Seven new papers describe the first-ever detection of light from a gravitational wave source. The event, caused by two neutron stars colliding and merging together, was dubbed GW170817 because it sent ripples through space-time that reached Earth on 2017 August 17. Around the world, hundreds of excited astronomers mobilized quickly and were able to observe the event using numerous telescopes, providing a wealth of new data.

Previous detections of gravitational waves have all involved the merger of two black holes, a feat that won the 2017 Nobel Prize in Physics earlier this month....

Im Focus: Smart sensors for efficient processes

Material defects in end products can quickly result in failures in many areas of industry, and have a massive impact on the safe use of their products. This is why, in the field of quality assurance, intelligent, nondestructive sensor systems play a key role. They allow testing components and parts in a rapid and cost-efficient manner without destroying the actual product or changing its surface. Experts from the Fraunhofer IZFP in Saarbrücken will be presenting two exhibits at the Blechexpo in Stuttgart from 7–10 November 2017 that allow fast, reliable, and automated characterization of materials and detection of defects (Hall 5, Booth 5306).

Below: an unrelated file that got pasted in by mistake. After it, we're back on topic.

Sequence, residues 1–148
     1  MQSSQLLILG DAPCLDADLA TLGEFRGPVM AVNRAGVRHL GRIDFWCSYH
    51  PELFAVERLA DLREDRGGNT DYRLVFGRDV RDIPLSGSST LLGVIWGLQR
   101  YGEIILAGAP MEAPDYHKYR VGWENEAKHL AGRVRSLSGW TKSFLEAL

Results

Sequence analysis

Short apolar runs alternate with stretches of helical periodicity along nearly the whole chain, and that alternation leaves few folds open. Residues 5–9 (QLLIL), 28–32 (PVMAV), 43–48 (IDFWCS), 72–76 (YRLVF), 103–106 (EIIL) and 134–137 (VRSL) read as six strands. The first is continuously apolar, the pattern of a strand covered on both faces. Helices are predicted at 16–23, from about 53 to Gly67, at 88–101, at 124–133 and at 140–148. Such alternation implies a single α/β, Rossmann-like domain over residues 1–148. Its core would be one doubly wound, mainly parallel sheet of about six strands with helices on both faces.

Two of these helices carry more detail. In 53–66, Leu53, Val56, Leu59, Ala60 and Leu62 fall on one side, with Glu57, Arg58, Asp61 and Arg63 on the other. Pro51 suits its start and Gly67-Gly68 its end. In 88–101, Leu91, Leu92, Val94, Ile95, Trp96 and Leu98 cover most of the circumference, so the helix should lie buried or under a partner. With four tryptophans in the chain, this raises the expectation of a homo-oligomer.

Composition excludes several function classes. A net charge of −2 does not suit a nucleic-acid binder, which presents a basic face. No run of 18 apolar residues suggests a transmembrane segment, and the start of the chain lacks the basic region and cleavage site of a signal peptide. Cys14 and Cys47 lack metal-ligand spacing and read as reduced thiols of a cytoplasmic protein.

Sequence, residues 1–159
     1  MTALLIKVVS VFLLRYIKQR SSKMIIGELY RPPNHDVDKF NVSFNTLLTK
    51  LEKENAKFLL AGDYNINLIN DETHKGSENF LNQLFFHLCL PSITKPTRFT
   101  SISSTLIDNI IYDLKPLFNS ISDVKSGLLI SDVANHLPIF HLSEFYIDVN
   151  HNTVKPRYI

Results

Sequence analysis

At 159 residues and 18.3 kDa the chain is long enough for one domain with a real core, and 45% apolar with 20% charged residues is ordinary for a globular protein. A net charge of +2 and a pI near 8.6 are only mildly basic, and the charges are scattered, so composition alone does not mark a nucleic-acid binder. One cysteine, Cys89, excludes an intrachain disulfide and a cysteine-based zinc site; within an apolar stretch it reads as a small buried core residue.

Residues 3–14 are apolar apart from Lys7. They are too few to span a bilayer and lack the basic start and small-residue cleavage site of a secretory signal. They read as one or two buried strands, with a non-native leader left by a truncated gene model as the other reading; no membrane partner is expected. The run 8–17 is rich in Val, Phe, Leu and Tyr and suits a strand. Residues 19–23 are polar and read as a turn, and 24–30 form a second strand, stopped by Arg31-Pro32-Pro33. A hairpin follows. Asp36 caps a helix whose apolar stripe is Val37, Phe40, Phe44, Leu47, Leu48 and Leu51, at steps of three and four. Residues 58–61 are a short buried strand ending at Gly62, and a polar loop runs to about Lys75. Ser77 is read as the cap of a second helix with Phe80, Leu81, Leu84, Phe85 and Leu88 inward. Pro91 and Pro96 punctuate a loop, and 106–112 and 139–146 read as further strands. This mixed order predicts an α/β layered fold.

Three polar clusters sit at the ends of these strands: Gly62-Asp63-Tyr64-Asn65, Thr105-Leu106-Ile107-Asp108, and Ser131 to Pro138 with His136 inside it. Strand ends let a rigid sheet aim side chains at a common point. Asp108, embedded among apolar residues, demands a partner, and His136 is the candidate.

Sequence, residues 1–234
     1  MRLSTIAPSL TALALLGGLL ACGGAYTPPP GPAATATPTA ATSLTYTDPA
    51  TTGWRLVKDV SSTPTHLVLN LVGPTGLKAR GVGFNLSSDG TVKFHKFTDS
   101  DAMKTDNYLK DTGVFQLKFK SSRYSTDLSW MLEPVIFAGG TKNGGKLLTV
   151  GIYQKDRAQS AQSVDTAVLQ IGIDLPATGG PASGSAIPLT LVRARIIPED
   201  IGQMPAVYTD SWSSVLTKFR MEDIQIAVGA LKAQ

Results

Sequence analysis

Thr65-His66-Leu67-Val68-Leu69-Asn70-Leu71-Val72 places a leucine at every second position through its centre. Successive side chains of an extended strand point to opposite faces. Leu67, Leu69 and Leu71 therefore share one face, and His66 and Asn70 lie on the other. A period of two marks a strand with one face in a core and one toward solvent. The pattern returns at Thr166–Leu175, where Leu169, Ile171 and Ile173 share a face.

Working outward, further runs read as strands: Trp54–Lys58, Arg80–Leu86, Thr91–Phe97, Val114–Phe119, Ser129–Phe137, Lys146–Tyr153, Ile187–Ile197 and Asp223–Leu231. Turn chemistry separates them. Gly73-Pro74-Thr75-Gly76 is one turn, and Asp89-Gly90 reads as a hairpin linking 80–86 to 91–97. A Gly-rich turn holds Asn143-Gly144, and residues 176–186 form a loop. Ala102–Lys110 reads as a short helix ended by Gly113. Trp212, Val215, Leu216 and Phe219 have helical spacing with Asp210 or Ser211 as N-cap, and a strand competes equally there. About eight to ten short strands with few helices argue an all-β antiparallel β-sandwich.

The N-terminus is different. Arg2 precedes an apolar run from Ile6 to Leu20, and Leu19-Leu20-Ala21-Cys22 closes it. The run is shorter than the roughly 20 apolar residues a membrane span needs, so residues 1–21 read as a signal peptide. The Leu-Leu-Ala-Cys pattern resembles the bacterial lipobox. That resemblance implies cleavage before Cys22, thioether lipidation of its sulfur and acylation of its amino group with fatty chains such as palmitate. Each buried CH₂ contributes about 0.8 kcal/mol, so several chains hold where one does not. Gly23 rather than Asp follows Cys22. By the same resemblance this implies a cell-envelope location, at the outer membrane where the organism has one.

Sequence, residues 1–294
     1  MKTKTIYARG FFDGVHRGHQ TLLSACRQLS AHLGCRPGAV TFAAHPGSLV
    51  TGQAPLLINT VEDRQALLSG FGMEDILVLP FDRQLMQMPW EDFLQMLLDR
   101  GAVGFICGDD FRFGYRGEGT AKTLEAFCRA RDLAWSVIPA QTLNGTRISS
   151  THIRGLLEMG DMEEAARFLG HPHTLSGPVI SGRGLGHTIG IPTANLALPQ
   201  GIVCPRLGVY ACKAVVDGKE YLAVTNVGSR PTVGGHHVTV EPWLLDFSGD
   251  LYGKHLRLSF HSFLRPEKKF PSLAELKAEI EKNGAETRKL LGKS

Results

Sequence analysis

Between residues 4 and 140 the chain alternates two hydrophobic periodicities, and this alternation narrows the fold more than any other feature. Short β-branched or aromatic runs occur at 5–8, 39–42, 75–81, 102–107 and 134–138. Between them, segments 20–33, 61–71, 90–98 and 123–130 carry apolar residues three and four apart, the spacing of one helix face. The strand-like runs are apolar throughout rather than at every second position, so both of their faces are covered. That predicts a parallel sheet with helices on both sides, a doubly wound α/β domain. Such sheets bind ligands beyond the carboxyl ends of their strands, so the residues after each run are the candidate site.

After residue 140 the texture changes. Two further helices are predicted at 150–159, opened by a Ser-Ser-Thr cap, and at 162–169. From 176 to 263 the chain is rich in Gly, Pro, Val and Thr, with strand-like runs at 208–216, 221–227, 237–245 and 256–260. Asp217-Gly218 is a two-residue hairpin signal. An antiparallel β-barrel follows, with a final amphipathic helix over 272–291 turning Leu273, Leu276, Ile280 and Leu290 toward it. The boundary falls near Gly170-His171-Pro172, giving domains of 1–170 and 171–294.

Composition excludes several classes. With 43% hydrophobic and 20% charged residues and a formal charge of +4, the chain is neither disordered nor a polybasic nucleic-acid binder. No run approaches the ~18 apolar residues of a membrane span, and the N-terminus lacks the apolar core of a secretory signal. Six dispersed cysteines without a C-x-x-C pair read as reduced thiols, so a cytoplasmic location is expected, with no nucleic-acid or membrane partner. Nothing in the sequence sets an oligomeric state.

When quality testing uses time-consuming destructive test methods, it can result in enormous costs due to damaging or destroying the products. And given that...

Im Focus: Cold molecules on collision course

Using a new cooling technique MPQ scientists succeed at observing collisions in a dense beam of cold and slow dipolar molecules.

How do chemical reactions proceed at extremely low temperatures? The answer requires the investigation of molecular samples that are cold, dense, and slow at...

Im Focus: Shrinking the proton again!

Scientists from the Max Planck Institute of Quantum Optics, using high precision laser spectroscopy of atomic hydrogen, confirm the surprisingly small value of the proton radius determined from muonic hydrogen.

It was one of the breakthroughs of the year 2010: Laser spectroscopy of muonic hydrogen resulted in a value for the proton charge radius that was significantly...

All Focus news of the innovation-report >>>

Anzeige

Anzeige

Event News

ASEAN Member States discuss the future role of renewable energy

17.10.2017 | Event News

World Health Summit 2017: International experts set the course for the future of Global Health

10.10.2017 | Event News

Climate Engineering Conference 2017 Opens in Berlin

10.10.2017 | Event News

 
Latest News

Terahertz spectroscopy goes nano

20.10.2017 | Information Technology

Strange but true: Turning a material upside down can sometimes make it softer

20.10.2017 | Materials Sciences

NRL clarifies valley polarization for electronic and optoelectronic technologies

20.10.2017 | Interdisciplinary Research

VideoLinks
B2B-VideoLinks
More VideoLinks >>>